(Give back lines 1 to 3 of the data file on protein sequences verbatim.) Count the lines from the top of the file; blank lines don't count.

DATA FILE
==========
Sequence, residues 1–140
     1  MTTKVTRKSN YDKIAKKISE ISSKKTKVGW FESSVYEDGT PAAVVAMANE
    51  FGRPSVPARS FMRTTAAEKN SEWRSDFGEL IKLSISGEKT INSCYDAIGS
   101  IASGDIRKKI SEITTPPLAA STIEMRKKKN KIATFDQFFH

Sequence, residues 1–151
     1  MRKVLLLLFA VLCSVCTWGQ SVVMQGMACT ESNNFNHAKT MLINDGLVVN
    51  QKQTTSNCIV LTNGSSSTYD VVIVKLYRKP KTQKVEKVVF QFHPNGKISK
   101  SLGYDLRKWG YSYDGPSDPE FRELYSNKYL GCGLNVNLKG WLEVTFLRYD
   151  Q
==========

Sequence, residues 1–140
     1  MTTKVTRKSN YDKIAKKISE ISSKKTKVGW FESSVYEDGT PAAVVAMANE
    51  FGRPSVPARS FMRTTAAEKN SEWRSDFGEL IKLSISGEKT INSCYDAIGS